Gospel Reflection: Sunday January 5, 2020

The Epiphany of the Lord
The visit of the Magi occurs directly before the story of the
Holy Family’s flight into Egypt. Matthew’s Gospel tells a
version of Jesus’ birth that is different than the one in Luke.
Of the actual birth of Jesus, Matthew tells us little more
than, “When Jesus was born in Bethlehem of Judea, in the
days of King Herod… ” The story of the census is found
only in Luke’s Gospel, but we hear about the visit of the
Magi only in Matthew’s Gospel.
We know little about the Magi. They come from the East
and journey to Bethlehem, following an astrological sign, so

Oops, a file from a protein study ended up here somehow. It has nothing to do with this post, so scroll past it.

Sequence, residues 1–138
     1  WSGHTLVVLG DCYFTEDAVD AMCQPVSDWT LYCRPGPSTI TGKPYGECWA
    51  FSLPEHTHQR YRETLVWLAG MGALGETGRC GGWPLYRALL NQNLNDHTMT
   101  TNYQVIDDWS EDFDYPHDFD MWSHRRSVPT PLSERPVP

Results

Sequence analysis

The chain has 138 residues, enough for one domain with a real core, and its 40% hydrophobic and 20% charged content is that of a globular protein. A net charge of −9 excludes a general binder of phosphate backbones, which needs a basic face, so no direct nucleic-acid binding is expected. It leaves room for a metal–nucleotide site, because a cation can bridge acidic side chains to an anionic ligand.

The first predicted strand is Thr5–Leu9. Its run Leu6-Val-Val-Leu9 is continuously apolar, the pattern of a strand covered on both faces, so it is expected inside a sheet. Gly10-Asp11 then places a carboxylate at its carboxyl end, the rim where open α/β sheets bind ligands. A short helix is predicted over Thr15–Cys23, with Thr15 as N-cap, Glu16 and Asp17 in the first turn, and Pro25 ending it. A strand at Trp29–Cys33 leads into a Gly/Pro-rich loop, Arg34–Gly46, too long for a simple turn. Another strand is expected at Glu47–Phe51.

we believe them to be astrologers. We assume that there
were three Magi based upon the naming of their three gifts.
The Gospel does not say how many Magi paid homage to
Jesus. In Matthew’s Gospel, they represent the Gentiles’
search for a savior. Because the Magi represent the entire
world, they also represent our search for Jesus.
We have come to consider the gifts they bring as a
foreshadowing of Jesus’ role in salvation. We believe the
meaning of the gifts to be Christological. Gold is presented
as representative of Jesus’ kingship. Frankincense is a
symbol of his divinity because priests burned the substance
in the Temple. Myrrh, which was used to prepare the dead
for burial, is offered in anticipation of Jesus’ death.
The word Epiphany means “manifestation” or “showing
forth.” Historically several moments in Christ’s early life and
ministry have been celebrated as “epiphanies,” including his
birth in Bethlehem, the visit of the Magi, his baptism by
John, and his first miracle at Cana.
Loyola Press

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